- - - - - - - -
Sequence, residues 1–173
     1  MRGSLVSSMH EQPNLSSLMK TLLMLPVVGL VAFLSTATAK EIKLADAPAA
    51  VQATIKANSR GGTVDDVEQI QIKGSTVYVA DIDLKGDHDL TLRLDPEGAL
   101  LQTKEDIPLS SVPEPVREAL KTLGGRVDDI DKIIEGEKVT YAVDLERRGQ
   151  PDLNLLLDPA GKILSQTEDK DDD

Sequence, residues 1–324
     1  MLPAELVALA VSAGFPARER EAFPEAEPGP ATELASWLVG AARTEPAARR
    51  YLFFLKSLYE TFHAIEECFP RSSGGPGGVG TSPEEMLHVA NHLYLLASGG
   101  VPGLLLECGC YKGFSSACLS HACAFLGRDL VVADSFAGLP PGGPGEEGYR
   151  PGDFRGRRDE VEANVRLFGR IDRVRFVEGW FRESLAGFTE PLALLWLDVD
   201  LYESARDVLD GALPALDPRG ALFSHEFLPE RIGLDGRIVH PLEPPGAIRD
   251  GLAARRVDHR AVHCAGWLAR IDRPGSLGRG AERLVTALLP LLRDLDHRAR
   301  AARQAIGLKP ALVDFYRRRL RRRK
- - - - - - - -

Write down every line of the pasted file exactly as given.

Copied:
Sequence, residues 1–173
     1  MRGSLVSSMH EQPNLSSLMK TLLMLPVVGL VAFLSTATAK EIKLADAPAA
    51  VQATIKANSR GGTVDDVEQI QIKGSTVYVA DIDLKGDHDL TLRLDPEGAL
   101  LQTKEDIPLS SVPEPVREAL KTLGGRVDDI DKIIEGEKVT YAVDLERRGQ
   151  PDLNLLLDPA GKILSQTEDK DDD

Sequence, residues 1–324
     1  MLPAELVALA VSAGFPARER EAFPEAEPGP ATELASWLVG AARTEPAARR
    51  YLFFLKSLYE TFHAIEECFP RSSGGPGGVG TSPEEMLHVA NHLYLLASGG
   101  VPGLLLECGC YKGFSSACLS HACAFLGRDL VVADSFAGLP PGGPGEEGYR
   151  PGDFRGRRDE VEANVRLFGR IDRVRFVEGW FRESLAGFTE PLALLWLDVD
   201  LYESARDVLD GALPALDPRG ALFSHEFLPE RIGLDGRIVH PLEPPGAIRD
   251  GLAARRVDHR AVHCAGWLAR IDRPGSLGRG AERLVTALLP LLRDLDHRAR
   301  AARQAIGLKP ALVDFYRRRL RRRK